As time went on, however, in the activities of the group I began to note a growing emphasis on Sweden, and on Swedish (as distinct from Finland-Swedish) literature. This was understandable, given the name of the association – and several of the members were indeed best known for their translations of rikssvensk literature. It was not until the location of the society’s meetings moved to the Swedish Embassy that I began to realize that a subtle shift of priorities had apparently taken place – instead of the general Nordic and East European context, there was now a specific emphasis on rikssvensk writing and authors. This again was understandable – the Swedish Embassy was, after all, offering its facilities to SELTA, and was even offering to pay members’ travel expenses to attend meetings. However, I saw this development as a limitation, and I still do.

Yet still there was a paradox. In 1981 I’d recently edited an issue of the international literary quarterly Stand devoted to new Norwegian writing (I worked as a co-editor of Stand with its principal founder, the poet Jon Silkin, from 1979 to 1981). This special issue was funded by the Norwegian cultural authorities, and the translators involved included Anne Born, Robin Fulton, Roger Greenwald, Tiina Nunnally, myself and others. The preparation of the material involved an officially-funded visit to Norway, which I made together with Jon Silkin and his wife Lorna Tracy – we were hosted by the poet Terje Johanssen, and the trip was organized by Kristin Brudevoll. This contact was one of the factors that eventually led to the formation of the NORLA agency. So when at a SELTA meeting in 1982 a Norwegian cultural representative popped up and promptly invited several of the members present to a seminar in Lillehammer the following year, I was not too surprised. This, however, opened up a new dimension in SELTA – while the Lillehammer seminar proved to be very valuable in terms of the forming of new contacts between authors, publishers and translators of Norwegian (and Nordic) literature, it also muddied the waters somewhat – as of 1983, there was now an “unofficial” SELTA of translators from Norwegian!

Much the same thing eventually happened in relation to Denmark, where some SELTA members, including myself, found themselves being invited to international seminars usually grouped around the Copenhagen Book Fair. And then there was the considerable project of the Finnish cultural authorities (FLIC and later FILI), which involved not only lavish translation get-togethers but also individual all-expenses-paid “study visits” for translators, usually with a carefully planned programme of meetings with authors, editors and publishers.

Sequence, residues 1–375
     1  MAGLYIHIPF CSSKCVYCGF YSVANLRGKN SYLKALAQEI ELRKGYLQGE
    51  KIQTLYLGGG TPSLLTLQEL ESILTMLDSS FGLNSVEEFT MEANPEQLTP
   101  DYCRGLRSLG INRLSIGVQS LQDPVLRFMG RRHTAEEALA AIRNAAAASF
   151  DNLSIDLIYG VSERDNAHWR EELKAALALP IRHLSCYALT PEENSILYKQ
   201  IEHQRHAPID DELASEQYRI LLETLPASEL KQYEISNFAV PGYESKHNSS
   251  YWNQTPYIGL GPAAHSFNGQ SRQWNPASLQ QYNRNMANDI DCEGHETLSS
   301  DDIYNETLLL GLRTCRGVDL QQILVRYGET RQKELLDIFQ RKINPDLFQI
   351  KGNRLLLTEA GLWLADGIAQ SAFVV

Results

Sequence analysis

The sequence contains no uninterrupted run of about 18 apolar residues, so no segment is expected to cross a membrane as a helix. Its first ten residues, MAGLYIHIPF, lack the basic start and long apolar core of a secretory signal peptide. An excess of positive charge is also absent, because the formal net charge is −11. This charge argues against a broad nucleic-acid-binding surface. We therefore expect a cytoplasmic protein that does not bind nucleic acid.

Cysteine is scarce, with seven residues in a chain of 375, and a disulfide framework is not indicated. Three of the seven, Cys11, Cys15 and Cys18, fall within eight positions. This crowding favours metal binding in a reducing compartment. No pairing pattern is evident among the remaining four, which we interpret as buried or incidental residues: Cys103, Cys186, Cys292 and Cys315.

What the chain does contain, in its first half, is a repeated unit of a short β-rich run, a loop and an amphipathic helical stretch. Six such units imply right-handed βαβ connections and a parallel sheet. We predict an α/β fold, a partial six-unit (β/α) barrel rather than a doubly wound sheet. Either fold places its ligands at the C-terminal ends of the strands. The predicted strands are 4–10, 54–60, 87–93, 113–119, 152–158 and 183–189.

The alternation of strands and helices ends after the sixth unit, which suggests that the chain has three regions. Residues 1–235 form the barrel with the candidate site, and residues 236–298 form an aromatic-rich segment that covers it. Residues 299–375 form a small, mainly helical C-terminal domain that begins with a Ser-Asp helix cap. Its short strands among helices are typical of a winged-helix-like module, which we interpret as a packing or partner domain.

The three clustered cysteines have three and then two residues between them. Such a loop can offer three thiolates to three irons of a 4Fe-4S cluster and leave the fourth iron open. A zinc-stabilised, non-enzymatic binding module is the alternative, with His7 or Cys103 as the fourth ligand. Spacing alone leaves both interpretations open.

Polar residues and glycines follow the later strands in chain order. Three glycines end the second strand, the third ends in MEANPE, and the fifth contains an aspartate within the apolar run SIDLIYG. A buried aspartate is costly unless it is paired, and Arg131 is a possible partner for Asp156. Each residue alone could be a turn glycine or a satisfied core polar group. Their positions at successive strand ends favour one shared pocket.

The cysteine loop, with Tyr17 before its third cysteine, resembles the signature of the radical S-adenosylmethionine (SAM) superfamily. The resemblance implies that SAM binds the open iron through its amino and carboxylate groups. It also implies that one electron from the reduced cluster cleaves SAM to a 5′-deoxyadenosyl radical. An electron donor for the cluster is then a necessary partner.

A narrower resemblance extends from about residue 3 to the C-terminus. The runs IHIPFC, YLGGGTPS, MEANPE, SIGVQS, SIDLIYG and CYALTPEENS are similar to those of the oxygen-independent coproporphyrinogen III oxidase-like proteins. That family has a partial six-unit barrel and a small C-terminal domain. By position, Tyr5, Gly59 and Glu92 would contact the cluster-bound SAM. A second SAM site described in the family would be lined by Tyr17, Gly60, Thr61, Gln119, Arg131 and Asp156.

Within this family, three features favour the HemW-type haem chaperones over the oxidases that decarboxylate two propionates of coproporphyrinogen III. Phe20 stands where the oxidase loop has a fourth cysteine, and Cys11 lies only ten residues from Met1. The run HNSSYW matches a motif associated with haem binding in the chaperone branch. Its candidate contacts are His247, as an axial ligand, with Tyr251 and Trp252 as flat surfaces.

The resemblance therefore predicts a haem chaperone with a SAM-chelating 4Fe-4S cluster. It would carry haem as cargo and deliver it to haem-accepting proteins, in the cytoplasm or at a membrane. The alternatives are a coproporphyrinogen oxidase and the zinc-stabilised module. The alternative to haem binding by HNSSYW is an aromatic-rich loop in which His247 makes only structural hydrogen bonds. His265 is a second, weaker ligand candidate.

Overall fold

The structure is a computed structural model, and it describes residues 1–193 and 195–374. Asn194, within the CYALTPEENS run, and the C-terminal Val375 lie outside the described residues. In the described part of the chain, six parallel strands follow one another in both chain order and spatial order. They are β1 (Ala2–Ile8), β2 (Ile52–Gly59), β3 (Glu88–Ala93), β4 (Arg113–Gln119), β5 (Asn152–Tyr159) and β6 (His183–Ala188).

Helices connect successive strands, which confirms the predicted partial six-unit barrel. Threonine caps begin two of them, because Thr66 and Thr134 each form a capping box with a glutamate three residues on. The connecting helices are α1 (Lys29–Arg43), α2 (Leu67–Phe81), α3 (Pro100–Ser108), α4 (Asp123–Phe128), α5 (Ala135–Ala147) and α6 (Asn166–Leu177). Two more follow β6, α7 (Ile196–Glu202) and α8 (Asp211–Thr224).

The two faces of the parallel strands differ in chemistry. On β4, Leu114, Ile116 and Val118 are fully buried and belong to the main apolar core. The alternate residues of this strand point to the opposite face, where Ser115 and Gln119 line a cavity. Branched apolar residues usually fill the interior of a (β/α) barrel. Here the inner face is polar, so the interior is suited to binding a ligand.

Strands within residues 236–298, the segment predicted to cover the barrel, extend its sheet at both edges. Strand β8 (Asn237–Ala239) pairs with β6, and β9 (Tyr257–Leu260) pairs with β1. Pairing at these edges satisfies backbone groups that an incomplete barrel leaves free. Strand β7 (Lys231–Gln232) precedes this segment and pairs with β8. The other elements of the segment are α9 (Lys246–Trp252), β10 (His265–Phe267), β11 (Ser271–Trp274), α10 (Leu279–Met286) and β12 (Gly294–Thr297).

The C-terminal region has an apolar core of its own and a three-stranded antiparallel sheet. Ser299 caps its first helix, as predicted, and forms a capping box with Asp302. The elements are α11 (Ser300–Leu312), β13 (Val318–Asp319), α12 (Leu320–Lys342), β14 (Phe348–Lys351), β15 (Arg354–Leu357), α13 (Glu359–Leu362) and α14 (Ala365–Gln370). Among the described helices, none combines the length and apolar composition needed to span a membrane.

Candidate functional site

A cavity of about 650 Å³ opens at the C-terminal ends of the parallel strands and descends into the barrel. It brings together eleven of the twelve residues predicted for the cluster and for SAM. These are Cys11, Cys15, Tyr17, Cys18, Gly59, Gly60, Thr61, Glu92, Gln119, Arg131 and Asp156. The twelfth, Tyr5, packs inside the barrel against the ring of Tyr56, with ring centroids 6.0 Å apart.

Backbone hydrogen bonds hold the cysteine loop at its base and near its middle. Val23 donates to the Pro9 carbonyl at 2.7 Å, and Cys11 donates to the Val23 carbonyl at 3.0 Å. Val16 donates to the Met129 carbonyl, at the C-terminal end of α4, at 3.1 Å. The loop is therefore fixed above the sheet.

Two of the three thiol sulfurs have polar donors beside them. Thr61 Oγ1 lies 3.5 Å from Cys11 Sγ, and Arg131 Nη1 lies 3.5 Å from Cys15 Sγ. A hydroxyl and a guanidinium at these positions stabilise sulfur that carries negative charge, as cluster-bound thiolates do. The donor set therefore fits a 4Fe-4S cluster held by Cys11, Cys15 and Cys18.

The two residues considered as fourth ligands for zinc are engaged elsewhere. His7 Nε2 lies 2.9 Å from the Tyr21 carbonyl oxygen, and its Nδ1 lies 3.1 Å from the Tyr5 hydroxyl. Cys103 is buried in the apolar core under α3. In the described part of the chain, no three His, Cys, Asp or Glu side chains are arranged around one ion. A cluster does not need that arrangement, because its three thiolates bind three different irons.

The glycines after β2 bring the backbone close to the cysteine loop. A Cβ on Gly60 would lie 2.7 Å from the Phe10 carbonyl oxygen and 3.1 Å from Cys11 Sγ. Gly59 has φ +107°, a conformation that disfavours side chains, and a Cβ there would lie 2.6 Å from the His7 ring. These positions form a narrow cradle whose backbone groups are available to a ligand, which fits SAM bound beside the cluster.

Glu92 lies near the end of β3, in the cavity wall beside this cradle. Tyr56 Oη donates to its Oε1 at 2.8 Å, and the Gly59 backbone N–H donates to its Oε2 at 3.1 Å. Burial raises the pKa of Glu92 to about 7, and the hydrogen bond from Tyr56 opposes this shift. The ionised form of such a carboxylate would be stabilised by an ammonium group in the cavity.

In spite of all this, however, SELTA meetings continued to be held (as they still are) at the Swedish Embassy. As far as I was aware, the Swedish cultural authorities did not replicate the activities of the Finns, Danes and Norwegians in holding international translation conferences, seminars and workshops. They did, however, make rooms for translators available in Sweden - and they offered sample translation subsidies, paid for selected Swedish authors to visit the UK, and helped Swedish Book Review. But this support seemed rather modest when compared to the extensive budget outlay of the other Nordic lands.

Although I can see some rational justification for it, I still don’t really understand completely why our association is called SELTA – for if one examines its history, one sees that many of its members have been active in translating books from other Nordic languages besides Swedish – in the past, Joan Tate, Tom Geddes, Anne Born and yours truly all translated books from Norwegian or Danish or both, and I’m sure there are many other examples of this. I’ve even translated a couple of books from Finnish. Eric Dickens is well-known as a translator of Estonian literature.

So shouldn’t the society’s name be something like the Nordic Literary Translators’ Association? I’d be interested to hear others’ views about this, if anyone cares to respond. I would be particularly interested to hear from Tom.


David McDuff